Can you name the hottest thing that launched in online advertising in 2012? The answer, without a doubt, is Facebook Exchange (FBX). FBX is an entirely new way of buying ads on Facebook through the use of real time bidding. With FBX, advertisers can reach their audience on Facebook using data collected outside the social networking platform.
Wait, how does this all work? Let’s say a visitor comes to your site and learns about your products without making a purchase (bummer!). It’s not the end of the world, though—AdRoll, one of the first partners Facebook brought onto FBX, displays your ads on sites visitors browse, bringing them back to your page and keeping your brand top of mind. As you can probably imagine, this is extremely useful and beneficial for brand promotion. AdRoll integrates with all the major ad exchanges: Google, Microsoft, Yahoo, AOL and AppNexus. Today, over half of the advertisers leveraging Facebook do so using AdRoll.
Facebook represents a significant portion of display ad inventory on the web—more than 25 percent. By some estimates, real time bidding inventory doubled with the introduction of FBX. So, should advertisers put all their eggs in one basket and select FBX over standard web retargeting when allocating a set marketing budget? This is the million dollar question, and we have some insight into the answer. Of the over 700 advertisers running on FBX, AdRoll examined 468 that ran both standard web retargeting and FBX campaigns during the last six months of 2012. Let’s take a look at the results!
FBX outperformed standard web targeting in two key metrics: cost per thousand impressions (CPMs) was dramatically lower (-82%), and cost per clicks was also lower (-70%). With CPMs, advertisers pay when people see their ads; with CPCs, advertisers pay each time someone clicks on one of their ads or sponsored stories, according to Facebook.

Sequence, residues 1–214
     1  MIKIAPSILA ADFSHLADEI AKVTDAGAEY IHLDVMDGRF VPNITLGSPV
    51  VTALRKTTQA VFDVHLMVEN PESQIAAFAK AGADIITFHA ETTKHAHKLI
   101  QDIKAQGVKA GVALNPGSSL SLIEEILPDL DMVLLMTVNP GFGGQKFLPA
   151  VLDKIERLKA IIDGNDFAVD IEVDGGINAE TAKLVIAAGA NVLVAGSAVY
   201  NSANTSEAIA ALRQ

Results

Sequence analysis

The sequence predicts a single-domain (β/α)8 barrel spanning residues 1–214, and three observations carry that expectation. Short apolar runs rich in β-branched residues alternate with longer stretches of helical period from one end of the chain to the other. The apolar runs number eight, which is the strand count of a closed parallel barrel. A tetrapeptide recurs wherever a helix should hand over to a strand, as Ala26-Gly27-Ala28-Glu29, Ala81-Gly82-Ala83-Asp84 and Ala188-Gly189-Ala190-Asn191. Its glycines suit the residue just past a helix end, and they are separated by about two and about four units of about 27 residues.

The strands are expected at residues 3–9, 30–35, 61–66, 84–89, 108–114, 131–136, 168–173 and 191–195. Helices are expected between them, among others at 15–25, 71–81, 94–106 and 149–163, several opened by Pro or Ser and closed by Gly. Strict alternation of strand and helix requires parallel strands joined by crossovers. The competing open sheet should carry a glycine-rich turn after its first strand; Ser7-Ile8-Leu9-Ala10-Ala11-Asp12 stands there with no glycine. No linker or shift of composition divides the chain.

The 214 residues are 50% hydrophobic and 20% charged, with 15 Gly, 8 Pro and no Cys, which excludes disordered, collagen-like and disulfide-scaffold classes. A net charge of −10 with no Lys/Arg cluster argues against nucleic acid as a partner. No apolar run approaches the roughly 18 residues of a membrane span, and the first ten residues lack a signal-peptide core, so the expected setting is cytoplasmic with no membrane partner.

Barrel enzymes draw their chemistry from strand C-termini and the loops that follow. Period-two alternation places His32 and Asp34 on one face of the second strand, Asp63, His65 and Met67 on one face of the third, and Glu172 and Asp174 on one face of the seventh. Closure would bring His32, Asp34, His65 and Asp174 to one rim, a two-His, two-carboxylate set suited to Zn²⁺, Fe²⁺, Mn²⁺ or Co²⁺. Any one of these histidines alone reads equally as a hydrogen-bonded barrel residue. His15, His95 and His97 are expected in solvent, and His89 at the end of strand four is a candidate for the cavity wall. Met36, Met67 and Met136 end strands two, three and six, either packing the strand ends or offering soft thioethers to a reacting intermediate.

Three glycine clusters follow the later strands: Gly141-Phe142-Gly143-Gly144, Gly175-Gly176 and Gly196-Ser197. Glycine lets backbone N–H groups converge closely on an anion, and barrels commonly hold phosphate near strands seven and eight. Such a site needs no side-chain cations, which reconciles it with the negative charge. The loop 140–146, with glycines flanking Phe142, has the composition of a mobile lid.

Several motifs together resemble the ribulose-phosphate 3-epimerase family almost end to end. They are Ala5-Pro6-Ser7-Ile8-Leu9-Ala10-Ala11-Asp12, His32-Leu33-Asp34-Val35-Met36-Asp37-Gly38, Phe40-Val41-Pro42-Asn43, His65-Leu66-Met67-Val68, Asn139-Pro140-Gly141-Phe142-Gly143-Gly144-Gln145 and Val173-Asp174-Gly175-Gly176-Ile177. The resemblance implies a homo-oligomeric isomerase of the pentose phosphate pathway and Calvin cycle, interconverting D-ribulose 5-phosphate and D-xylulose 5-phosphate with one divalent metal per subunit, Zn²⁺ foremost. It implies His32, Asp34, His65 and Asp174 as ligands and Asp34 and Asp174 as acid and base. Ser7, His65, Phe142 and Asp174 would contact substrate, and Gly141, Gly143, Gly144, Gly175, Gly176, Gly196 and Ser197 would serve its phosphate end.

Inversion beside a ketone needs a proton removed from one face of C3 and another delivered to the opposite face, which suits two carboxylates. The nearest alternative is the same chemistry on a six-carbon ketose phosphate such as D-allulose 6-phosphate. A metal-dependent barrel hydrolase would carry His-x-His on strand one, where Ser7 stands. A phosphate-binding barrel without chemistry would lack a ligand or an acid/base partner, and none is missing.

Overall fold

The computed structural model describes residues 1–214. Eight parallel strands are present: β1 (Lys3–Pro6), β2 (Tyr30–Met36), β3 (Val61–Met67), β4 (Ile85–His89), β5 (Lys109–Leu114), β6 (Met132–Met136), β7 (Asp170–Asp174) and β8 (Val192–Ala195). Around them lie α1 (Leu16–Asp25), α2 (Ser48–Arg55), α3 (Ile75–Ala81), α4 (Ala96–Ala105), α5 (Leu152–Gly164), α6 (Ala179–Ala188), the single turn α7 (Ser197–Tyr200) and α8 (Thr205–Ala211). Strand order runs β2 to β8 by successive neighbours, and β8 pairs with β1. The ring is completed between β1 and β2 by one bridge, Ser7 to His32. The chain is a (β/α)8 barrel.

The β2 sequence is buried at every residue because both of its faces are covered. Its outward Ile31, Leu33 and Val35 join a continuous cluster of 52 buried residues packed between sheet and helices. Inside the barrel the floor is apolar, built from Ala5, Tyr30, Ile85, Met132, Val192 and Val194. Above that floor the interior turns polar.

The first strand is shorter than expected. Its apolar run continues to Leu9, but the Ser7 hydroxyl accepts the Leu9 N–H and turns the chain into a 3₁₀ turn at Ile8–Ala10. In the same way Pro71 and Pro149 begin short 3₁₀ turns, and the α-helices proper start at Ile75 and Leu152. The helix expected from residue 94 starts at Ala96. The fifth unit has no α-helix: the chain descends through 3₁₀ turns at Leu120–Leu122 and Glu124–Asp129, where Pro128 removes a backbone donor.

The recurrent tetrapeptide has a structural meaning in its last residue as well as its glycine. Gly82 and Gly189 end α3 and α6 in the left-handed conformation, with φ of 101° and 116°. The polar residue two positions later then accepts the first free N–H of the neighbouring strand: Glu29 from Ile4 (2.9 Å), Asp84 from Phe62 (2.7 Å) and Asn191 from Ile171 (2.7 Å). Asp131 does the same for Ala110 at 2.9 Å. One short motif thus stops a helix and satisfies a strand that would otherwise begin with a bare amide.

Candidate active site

Standard web retargeting did, however, perform better than FBX in a few important metrics. The clickthrough rate was higher for standard web targeting (FBX was 40.18% lower), requiring less ad frequency to drive attention and clicks. Also, cost-per-unique was lower (FBX was 86% higher), revealing that standard web retargeting has the potential to reach a larger, more distinct audience for less spend.
Surprisingly, AdRoll’s analysis revealed that, on average, 8.3% of an advertiser’s total audience was retargeted to by both their FBX and their standard web retargeting campaigns. The final truth of the matter is that advertisers can maximize their return on investment by leveraging both platforms for retargeting campaigns since both have their strengths and are tremendously effective marketing channels. Anything else would be leaving money on the table.
In terms of rich media capabilities and advertisement sizes offered, standard web retargeting seems to have the upper hand over FBX. As far as viewability is concerned, however, FBX ads are always viewable, which is not the case for standard web retargeting.
To learn more about the differences between standard web retargeting and Facebook Exchange as well as the advantages of each, check out the highly informative infographic below courtesy of AdRoll Retargeting.
Image: Retargeting by Shutterstock